From the above procedure, it is evident that the searching method of this invention is superior to the conventional search technique. Since no optical system separate and apart from system 20 is used for locating the approximate location of feature 30, the searching method of this inventionis not limited by the resolution or power of a optical system employing oneor more lenses. Since the instrument for measuring the feature is used alsofor locating the feature, the method of this invention avoids the need to locate the measuring probe and sensor relative to the feature after the feature has been located. Furthermore, there is no need to acquire data over the entire target area 40 before the location of the feature can be accurately determined. Instead, once the feature has been discovered, there is no need to scan the remainder of the unscanned portion of the target area and the user can proceed immediately to measure the feature. This greatly improves throughput and avoids wasting the user's resources.

The advantages of this invention can be seen more clearly by reference to aconcrete example. The feature of interest is an object of one micron diameter. Assuming that it is possible to first identify the feature to anaccuracy of plus or minus two microns, this means that the object can be located initially at best to within a target area of four microns by four microns. One can then scan this target area along scan line segments of length of four microns along the x direction and moving the probe 26 in the y direction by an offset of 0.75 microns each time until one of the scan lines crosses the object of interest. This means that a maximum of 5 scan lines are required to cross the object in FIG. 4. Once the scan line crosses the object of interest, then similar steps as those described above in FIG. 3 can be taken to determine the apparent center of the feature. This means that after a maximum of six scans, the center of the object is located and the measurement of the feature can proceed. Even if the scan time of each of the four micron scan line segment amounts to one second, the maximum time required from the six scans with overhead can be of the order of ten seconds. In contrast, in order to acquire 256 data points on each of 256 scan lines at a rate of one line per second over a four micron by four micron areas such procedure would require four and onehalf minutes, where the data points on all but one of the 256 scan lines are wasted.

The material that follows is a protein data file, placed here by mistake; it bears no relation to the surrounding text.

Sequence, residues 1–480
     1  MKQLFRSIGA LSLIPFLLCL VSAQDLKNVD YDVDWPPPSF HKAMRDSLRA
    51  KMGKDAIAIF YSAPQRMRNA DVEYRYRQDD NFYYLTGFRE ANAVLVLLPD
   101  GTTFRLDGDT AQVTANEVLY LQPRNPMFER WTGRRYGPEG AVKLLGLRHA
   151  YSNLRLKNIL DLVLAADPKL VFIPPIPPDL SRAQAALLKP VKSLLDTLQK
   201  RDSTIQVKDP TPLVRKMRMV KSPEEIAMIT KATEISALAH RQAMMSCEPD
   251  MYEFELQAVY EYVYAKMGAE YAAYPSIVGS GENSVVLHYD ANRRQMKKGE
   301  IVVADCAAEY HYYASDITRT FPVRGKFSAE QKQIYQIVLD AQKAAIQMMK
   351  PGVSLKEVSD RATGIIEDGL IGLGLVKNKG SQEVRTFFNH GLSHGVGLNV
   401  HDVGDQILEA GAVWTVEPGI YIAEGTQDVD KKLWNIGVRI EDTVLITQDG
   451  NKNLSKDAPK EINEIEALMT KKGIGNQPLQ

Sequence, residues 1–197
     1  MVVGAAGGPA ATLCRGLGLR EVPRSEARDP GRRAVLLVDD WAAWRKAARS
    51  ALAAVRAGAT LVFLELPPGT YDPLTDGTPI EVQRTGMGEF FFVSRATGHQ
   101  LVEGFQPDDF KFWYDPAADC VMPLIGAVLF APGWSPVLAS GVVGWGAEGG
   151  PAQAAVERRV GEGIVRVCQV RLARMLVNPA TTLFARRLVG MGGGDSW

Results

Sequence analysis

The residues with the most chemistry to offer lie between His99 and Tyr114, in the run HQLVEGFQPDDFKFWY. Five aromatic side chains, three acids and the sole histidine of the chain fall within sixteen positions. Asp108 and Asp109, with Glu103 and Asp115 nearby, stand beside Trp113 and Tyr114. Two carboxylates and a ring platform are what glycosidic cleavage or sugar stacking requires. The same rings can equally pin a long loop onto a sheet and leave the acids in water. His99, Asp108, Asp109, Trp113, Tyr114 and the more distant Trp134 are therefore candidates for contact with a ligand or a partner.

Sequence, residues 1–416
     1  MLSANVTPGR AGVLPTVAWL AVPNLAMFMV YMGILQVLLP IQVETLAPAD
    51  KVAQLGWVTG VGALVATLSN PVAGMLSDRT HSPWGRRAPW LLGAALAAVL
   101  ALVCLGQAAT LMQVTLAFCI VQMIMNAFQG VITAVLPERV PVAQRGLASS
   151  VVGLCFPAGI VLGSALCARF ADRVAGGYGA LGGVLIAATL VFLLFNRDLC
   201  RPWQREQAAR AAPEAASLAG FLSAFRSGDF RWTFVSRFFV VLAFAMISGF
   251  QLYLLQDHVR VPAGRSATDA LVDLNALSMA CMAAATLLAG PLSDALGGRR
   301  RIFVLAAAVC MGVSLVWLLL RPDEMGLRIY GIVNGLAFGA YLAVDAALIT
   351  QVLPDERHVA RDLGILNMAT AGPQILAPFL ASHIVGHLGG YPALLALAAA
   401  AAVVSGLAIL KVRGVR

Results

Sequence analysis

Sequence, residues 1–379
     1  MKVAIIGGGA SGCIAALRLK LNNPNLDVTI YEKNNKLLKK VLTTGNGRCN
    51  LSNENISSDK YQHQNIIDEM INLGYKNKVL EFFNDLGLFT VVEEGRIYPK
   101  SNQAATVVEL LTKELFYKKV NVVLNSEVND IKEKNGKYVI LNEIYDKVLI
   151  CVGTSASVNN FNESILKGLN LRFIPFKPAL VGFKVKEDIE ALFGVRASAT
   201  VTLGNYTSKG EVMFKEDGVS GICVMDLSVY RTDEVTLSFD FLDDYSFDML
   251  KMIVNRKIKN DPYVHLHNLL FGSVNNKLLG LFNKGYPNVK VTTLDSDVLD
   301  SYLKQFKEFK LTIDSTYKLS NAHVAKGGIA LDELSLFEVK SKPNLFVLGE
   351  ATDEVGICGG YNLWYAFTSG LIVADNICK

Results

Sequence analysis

FIG. 5 is a representative cross-sectional view of a feature of the surfaceto illustrate the invention.